Skip to main content

Those wronged by pre-2000 LGBT+ laws in the Armed Forces may soon have a right to compensation

In December, the Government provided its formal response to the LGBT Independent Review. This was against a background of centuries of English statutes which made it a criminal offence to be homosexual.

Prior to 2000, service personnel faced grounds for discharge from the Armed Forces, if decisions were made about their sexual orientation and/or gender identity. This stemmed from three draconian statutes from the 1950s, which affected the three services and made it an offence to commit any homosexual act whilst serving.

Despite the introduction of the Sexual Offences Act 1967, which theoretically overturned the law and made it permissible for two consenting adults over the age of 21 to participate in private homosexual acts, the Act didn't apply to Armed Forces. Instead it was “government policy” that homosexuality was incompatible with service in the Forces.

Although the statistics remain unknown, it's understood that numerous personnel were prosecuted under military law, and even more were discharged. 

Government's Armed Forces policy finally amended following European Court of Human Rights legal challenge

In 1996, veterans who had been discharged due to their sexuality issued proceedings at the European Court of Human Rights, where these decisions by the Ministry of Defence were found to be in contravention of Article 8 - the right to respect an individual’s private/and family life. 

After these judgments, government policy was finally amended to enable service personnel to serve regardless of their sexuality. 

Following Rishi Sunak’s formal apology on behalf of the UK Government for the treatment of LGBT veterans in July 2023, steps were taken by the Government to recognise those veterans impacted by this, with the aim of providing compensation. 

Ben Wallace MP, the Defence Secretary at the time, promised a formal debate after the summer 2023.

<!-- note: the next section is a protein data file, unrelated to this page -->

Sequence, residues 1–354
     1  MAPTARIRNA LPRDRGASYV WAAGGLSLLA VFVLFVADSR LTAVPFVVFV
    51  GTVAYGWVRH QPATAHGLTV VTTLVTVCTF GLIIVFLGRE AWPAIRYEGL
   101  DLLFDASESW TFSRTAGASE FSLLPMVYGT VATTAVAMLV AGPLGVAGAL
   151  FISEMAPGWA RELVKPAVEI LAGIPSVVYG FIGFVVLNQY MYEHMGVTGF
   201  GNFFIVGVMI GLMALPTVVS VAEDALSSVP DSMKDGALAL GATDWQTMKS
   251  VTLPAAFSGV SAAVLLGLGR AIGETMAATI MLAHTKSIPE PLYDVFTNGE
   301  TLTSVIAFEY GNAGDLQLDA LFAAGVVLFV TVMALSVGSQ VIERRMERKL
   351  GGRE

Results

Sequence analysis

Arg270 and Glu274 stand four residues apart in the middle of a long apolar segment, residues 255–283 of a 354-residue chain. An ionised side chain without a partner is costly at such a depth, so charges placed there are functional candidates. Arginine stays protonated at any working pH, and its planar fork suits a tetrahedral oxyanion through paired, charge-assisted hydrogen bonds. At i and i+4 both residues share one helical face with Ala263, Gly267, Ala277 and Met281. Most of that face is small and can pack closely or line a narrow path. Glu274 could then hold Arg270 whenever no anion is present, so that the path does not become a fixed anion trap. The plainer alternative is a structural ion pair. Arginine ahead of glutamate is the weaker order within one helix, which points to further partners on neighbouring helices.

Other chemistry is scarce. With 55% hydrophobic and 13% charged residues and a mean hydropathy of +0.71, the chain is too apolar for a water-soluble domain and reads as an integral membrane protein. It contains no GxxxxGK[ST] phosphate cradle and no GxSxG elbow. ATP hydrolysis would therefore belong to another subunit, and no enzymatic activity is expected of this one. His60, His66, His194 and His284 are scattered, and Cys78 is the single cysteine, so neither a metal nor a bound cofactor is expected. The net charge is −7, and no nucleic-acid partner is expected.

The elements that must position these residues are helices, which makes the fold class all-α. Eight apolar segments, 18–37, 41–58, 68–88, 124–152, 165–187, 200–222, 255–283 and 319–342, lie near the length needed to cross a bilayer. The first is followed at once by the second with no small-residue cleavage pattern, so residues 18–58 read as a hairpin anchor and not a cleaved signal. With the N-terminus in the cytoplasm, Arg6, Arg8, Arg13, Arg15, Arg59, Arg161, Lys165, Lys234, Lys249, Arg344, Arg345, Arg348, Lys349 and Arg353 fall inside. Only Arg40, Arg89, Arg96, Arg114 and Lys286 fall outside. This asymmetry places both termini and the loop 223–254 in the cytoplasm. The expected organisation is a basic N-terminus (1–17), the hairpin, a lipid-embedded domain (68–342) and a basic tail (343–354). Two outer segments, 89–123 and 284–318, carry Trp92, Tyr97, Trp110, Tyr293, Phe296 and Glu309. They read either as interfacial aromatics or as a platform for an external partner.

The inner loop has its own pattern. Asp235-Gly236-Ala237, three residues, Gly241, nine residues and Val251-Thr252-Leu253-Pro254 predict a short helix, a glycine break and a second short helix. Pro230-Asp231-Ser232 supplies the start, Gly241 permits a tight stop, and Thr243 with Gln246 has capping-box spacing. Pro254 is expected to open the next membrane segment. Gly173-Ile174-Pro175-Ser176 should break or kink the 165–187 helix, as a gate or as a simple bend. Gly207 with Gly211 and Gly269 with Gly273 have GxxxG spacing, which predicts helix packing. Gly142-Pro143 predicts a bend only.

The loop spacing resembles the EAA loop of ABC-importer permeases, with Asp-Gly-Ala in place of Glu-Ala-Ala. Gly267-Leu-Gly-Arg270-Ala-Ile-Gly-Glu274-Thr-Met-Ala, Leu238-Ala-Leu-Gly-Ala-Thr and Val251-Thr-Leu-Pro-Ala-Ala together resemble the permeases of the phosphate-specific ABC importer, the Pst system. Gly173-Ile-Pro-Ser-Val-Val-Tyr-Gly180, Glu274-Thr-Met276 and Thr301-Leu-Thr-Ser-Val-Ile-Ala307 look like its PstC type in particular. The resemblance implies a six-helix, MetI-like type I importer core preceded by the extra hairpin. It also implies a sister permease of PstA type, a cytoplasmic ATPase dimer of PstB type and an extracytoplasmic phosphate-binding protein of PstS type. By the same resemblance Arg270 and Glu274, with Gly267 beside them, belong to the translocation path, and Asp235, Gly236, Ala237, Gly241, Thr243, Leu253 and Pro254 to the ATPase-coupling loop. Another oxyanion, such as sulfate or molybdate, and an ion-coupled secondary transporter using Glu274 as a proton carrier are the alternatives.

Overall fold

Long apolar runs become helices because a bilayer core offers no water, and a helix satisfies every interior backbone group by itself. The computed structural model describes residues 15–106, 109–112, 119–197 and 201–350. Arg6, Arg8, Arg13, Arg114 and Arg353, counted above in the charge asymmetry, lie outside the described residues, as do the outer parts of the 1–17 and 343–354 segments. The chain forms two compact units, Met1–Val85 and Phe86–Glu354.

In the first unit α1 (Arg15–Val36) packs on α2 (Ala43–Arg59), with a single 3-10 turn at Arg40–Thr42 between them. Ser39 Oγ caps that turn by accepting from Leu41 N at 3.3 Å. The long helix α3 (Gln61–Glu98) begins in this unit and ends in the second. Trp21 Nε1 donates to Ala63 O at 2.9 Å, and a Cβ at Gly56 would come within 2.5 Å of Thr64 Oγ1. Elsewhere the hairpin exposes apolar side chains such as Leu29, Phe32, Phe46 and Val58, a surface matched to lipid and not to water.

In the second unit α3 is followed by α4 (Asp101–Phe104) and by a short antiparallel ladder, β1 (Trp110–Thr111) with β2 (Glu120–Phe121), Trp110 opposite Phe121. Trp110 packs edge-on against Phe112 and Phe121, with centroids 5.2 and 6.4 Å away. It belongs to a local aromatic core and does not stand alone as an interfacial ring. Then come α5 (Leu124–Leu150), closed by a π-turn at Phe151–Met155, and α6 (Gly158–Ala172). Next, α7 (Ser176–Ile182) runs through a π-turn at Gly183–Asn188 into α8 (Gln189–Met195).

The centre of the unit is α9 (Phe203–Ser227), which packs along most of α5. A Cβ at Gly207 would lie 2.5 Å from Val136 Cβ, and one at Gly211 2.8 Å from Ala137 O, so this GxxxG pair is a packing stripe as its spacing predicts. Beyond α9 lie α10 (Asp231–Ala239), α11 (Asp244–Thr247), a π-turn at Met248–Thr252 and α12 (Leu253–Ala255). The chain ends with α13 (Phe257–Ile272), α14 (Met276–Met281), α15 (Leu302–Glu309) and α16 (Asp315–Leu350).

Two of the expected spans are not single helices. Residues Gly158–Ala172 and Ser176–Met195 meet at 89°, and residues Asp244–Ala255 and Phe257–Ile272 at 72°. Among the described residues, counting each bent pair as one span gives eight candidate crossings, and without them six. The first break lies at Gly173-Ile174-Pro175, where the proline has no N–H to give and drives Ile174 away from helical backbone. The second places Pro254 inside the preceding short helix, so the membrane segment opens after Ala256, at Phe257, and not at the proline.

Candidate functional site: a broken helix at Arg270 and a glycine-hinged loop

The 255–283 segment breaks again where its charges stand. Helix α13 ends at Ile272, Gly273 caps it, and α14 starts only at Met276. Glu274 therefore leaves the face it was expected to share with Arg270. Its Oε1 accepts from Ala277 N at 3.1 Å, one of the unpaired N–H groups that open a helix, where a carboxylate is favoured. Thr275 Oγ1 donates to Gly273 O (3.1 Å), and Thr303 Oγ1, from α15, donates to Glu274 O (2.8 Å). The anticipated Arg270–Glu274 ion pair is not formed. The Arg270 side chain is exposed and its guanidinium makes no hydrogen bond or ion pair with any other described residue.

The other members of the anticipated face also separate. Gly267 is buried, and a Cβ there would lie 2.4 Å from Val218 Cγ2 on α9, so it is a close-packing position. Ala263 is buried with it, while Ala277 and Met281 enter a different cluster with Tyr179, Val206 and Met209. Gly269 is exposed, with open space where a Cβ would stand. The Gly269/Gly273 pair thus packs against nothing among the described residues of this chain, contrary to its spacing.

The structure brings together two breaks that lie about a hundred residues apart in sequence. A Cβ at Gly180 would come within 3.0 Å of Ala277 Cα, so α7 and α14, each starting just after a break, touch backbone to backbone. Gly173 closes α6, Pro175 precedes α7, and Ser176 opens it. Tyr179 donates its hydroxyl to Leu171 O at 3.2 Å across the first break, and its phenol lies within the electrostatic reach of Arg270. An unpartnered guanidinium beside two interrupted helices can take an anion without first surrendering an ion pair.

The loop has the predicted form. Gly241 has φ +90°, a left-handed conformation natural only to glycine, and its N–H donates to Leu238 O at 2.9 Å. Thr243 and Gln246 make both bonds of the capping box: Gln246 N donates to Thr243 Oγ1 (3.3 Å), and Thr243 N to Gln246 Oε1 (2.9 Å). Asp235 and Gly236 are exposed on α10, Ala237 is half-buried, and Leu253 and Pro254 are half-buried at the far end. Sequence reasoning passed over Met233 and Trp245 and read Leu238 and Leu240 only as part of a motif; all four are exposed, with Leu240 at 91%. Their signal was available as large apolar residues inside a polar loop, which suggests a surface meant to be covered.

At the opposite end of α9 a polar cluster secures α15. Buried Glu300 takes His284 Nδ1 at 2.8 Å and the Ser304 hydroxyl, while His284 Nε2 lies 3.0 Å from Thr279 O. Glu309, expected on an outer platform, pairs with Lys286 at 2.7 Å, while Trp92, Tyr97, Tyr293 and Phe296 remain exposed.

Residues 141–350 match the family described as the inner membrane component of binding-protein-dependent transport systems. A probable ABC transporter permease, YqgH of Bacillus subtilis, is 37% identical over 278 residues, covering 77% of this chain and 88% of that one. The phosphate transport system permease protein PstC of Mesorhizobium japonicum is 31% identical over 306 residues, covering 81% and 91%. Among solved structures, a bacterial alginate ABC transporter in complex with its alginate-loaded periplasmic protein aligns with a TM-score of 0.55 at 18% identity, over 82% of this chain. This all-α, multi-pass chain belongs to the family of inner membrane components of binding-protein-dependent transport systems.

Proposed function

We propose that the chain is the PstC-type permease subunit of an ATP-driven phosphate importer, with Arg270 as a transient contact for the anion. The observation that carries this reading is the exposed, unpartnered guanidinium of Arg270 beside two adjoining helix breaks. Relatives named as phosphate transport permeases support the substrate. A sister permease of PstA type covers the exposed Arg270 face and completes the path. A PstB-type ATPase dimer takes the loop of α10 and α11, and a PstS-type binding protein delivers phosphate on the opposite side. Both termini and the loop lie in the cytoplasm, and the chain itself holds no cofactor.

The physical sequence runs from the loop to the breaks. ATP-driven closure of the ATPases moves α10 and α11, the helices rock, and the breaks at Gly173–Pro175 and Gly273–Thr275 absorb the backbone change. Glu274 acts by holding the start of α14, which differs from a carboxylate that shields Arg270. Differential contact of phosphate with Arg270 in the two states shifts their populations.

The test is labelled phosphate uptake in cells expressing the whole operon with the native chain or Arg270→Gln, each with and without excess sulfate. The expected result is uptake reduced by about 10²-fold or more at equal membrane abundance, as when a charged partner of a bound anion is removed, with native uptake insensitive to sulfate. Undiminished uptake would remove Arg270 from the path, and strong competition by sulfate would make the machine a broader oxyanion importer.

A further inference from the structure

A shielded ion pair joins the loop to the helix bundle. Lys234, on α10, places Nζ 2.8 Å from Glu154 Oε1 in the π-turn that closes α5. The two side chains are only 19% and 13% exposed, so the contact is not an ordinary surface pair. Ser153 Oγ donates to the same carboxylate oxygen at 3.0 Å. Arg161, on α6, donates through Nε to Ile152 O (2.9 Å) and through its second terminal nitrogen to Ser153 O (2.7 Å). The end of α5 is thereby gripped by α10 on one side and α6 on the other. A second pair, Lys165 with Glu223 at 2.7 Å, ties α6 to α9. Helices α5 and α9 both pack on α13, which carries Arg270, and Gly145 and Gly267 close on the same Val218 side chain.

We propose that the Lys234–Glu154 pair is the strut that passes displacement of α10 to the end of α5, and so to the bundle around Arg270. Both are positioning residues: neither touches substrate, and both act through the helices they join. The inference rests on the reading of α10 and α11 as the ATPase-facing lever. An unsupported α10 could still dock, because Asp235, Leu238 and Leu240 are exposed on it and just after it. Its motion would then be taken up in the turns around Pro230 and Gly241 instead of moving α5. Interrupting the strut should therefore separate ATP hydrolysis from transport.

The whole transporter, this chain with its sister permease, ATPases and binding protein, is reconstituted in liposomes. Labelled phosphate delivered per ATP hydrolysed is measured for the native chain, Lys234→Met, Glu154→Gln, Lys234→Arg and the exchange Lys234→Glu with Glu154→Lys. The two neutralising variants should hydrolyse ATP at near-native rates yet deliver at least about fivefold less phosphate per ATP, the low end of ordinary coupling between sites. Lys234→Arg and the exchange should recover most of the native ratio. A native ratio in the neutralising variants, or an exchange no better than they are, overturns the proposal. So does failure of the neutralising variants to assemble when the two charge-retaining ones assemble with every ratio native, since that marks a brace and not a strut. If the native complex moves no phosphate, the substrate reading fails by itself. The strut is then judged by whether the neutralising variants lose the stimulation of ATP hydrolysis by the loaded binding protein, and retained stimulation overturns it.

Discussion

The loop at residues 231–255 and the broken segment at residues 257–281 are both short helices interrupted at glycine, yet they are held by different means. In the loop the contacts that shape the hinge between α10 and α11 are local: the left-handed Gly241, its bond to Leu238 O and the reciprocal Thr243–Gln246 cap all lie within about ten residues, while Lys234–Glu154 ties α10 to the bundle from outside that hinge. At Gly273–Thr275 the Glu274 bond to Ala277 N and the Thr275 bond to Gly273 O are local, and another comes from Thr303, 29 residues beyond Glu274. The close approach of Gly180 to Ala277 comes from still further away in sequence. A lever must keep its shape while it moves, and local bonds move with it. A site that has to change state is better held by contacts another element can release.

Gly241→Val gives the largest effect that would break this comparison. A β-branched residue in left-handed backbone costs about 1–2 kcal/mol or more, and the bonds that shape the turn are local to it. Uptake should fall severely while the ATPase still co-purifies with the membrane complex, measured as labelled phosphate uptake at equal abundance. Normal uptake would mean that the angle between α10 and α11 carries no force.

Disappointingly, this debate never occurred as highlighted by the powerful open letter from Fighting With Pride. The Government undertook a written review instead.  

Government to focus on 12 recommendations

This year, the Government has announced plans to focus on 12 recommendations made by Lord Etherton, who was appointed as the chair of the independent review.

These include restoring an individual’s rank where there was a demotion or dismissal pursuant to the ban, making a compensation award (notwithstanding the expiry of litigation time limits) and further research into the severity and long-term consequences of the ban on female veterans.

LGBT veteran can now apply for restorative measures

The compensation scheme is still in the early stages of development, but those affected by the ban have been advised to complete an Application and Registration form for non-financial restorative measures on the government website. 

In addition to this, other remedies open to veterans impacted include: 

  • Medals that were required to be handed back on dismissal or discharge should be restored.
  • The Armed Forces Veterans Badge should be given.
  • The wearing of uniforms by LGBT veterans should be reinstated. 

For those that were subjected to years of isolation and shame, it seems that the long-term effects of this on what is ultimately an ageing generation of veterans, is still not known. There has been a recommendation for an overall £50 million cap upon financial rewards, but the Government still doesn't have any grasp or knowledge of how many veterans have been affected by the ban. 

No indication has been given as to how awards will be assessed and whether consideration should be given for any long-term issues that these veterans might be experiencing, such as mental health issues, including post-traumatic stress disorder.

Veterans may also find themselves at a disadvantage when dealing with the disclosure of documents held by the Ministry of Defence, particularly as these findings or discharges occurred before GDPR legislation came into force. 


It's hoped that the Government will honour its original commitment and permit a full, public debate in Parliament and that those impacted by these laws will have the opportunity to share their stories and ensure accountability in this forum. 

It's positive that veterans can now seek other forms of redress to have their ranks reinstated and awards restored.  However, in terms of the reparation scheme, it's too early to say whether it will fairly compensate individuals. Therefore, a public debate allowing submissions to be made on how the compensation scheme will be designed, is required. 

Find out more about our expertise in supporting members of the Armed Forces at our dedicated military claims section